Through the streaked windowpane, the morning was an unrelieved, almost uniform gray. Dingy and sad. Appropriate. Fog turned the nearest trees gray, and hid the rest, the descent into the valley, the mountains across the way. It made things disappear. Farrah realized she wanted to disappear.
She reached for her coat, lifted it off the hook, then set it down again, crooked. It was a bright red with blue details; the blue the color of the ink he had written in. The red was too cheerful, and the blue—no. She went to the closet and pulled out the silvery grey cloak she’d bought for Halloween after watching The Lord of the Rings.
She settled it around her shoulders, letting the deep hood shroud her wet face. She joined the delicate leaf clasp, remembering the books, remembering how the elves left the mortal world, when its strife and sadness became too much for them. It was a long trip to that shore—she needed lembas.
She rummaged in the closet, rejecting Ritz (too commercial) and Keebler (wrong type of elves, too cheerful. Besides, she thought the sweetness would choke her). Nothing was perfect, so she settled on Bug Bites. She’d bought them for her—no, his—nephew. They were abandoned goods, just like her. And butterflies and dragonflies and ladybugs, well, she could imagine even Tolkien’s solemn elves wanting their lembas to be things of beauty. She tucked the box into one deep sleeve and set out, leaving the door ajar.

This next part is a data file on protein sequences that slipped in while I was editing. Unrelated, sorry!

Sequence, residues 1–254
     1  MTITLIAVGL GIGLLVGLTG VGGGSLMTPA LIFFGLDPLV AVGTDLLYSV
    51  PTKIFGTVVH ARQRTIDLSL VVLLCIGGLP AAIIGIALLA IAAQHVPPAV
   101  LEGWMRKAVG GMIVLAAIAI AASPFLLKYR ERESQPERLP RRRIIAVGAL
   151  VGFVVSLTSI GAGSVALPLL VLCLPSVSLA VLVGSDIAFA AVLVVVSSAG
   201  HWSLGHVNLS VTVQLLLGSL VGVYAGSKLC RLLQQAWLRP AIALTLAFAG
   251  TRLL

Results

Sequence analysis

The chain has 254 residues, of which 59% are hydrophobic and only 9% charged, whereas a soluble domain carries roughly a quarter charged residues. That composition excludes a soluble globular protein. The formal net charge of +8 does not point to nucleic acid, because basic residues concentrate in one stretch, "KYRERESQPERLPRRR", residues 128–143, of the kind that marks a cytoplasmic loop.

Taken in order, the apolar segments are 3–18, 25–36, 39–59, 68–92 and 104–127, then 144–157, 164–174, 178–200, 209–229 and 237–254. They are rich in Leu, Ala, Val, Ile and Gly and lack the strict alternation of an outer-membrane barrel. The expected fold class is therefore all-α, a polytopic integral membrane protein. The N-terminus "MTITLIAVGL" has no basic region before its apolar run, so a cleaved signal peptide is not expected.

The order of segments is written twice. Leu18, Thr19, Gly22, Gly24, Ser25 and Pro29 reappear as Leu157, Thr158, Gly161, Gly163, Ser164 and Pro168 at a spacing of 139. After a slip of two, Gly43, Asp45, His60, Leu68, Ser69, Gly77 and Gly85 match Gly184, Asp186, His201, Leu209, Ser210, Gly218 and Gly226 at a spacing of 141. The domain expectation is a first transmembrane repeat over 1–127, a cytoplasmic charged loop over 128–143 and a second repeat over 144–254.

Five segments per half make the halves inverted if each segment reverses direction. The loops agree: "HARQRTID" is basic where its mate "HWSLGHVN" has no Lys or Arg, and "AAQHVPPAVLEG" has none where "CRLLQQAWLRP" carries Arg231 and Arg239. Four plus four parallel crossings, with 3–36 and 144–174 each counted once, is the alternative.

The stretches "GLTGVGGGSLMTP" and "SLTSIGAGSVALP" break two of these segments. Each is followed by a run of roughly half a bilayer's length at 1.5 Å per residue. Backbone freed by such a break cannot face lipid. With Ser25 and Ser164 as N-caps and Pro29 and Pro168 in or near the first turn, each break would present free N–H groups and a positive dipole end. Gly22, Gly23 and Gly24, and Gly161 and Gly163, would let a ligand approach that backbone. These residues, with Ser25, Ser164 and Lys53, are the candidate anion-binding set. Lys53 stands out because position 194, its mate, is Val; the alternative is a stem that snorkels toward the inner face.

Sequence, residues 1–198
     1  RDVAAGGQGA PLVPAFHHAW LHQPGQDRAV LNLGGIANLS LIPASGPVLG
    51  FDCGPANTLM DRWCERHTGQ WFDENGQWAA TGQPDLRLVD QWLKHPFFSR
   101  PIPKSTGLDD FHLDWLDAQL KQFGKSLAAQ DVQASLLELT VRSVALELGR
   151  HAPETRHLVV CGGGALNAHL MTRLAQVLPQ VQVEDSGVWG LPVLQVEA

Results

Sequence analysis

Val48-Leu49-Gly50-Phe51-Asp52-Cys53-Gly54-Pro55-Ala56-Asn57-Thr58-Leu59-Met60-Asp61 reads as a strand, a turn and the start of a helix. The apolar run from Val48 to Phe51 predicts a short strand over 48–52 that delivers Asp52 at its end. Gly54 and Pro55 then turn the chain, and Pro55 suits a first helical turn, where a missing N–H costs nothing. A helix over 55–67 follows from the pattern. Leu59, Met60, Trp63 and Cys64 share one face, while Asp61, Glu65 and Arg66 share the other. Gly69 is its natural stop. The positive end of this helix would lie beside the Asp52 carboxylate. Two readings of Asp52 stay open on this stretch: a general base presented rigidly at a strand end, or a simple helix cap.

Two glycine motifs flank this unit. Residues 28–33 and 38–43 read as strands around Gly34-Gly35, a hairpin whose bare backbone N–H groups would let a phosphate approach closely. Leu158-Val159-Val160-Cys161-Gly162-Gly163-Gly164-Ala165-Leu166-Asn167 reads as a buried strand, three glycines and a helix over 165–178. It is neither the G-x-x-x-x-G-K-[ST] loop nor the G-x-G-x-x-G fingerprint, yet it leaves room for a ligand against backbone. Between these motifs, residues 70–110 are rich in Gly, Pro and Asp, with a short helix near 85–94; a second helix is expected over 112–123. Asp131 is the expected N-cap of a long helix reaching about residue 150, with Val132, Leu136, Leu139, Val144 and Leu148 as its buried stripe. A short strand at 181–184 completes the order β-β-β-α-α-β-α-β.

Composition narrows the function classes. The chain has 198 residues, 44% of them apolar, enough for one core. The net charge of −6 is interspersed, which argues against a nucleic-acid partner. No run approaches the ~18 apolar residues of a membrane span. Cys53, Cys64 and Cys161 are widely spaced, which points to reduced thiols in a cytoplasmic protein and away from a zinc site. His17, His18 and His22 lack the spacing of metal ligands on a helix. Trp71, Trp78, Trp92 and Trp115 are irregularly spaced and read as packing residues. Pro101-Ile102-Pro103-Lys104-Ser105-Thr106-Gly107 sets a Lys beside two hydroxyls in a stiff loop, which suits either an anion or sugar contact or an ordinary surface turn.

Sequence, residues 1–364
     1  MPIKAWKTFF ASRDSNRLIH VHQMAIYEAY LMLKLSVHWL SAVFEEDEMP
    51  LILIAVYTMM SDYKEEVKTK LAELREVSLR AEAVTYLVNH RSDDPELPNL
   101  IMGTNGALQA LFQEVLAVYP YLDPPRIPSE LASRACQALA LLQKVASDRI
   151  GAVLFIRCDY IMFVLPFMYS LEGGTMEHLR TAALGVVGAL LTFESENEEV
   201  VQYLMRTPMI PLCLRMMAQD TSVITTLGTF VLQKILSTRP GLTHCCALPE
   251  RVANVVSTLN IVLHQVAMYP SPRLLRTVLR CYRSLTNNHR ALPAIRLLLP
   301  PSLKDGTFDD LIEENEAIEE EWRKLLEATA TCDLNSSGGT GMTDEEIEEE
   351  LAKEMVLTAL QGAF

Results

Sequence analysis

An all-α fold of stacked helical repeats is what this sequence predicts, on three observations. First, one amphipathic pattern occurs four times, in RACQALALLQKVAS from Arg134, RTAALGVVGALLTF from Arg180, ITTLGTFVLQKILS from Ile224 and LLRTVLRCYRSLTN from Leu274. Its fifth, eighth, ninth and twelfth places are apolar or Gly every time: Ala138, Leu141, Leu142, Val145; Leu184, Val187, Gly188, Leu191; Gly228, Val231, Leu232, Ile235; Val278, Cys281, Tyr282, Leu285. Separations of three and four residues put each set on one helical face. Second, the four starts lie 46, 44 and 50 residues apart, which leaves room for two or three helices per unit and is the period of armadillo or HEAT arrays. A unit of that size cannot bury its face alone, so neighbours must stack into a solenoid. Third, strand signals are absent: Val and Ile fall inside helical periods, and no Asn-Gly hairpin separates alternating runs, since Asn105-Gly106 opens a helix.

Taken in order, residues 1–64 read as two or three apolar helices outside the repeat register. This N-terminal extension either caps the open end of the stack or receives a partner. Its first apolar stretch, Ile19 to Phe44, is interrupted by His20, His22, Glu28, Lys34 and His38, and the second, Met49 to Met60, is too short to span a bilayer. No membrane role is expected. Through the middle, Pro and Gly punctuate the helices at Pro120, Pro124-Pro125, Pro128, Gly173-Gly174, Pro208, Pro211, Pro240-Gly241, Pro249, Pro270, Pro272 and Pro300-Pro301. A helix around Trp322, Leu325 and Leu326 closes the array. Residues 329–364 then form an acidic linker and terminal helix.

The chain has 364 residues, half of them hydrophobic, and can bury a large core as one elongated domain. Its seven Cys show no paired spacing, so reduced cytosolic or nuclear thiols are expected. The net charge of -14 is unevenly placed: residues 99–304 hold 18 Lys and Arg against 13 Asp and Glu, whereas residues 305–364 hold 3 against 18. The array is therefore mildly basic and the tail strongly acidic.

The day was silent. She walked until the house faded to an indistinct form behind her and closed her eyes, listened. The silence was not empty; it was dense. It drifted into her, stilling the echoes of all their recent fights, quieting even the echoes of his voice, speaking the words in the letter, until they faltered, and lay smothered, quiescent.
She stood there, invisible, silent, grey. A part of the fog.
Slowly, the day brightened. The fog started to burn off. She stood at the top of a steep hillside, the fog in the valley twisting and dancing in beautiful, fanciful shapes.
Farrah realized she could stand on the hillside, wait for the sun to come out, to make things real and distinct. Clear and sharp. Go inside, call a divorce lawyer. And the rest of her day would be real, and ugly.
In front of her was beauty. Peace. Ethereal silvery waves—though it was all illusion, mist and shadows. Nothing she could touch, nothing she could rely on. Like she’d thought she could rely on him, she thought bitterly.
She took a few steps forward, descending to where the mist rose dense above her knees, and higher in tatters and spires . The hillside was steep and wet, going forward would be dangerous. She couldn’t see her feet, couldn’t guess where her footsteps would take her. There would be no one to save her if she slipped, no one to catch her if she fell, save herself.
She opened the box of lembas, took out two pieces of waybread, looked at them as if they were omens. A caterpillar and a butterfly. Perhaps they were.
Perhaps tomorrow she could bear to go back, to deal with the ugly aftermath of her yesterdays.
But today—today the path to the grey shores lay in front of her. Today she would leave all of her troubles, all of the mortal world, behind.
She stepped forward, gently, drifting downward amid the curls and drifts of fog, welcoming the silence, and the danger, and most of all, an ever-changing beauty she could never grasp in her hand, only in her soul.
Photo by red_trillium of Pinepig Studios. Donation hat painted by me.
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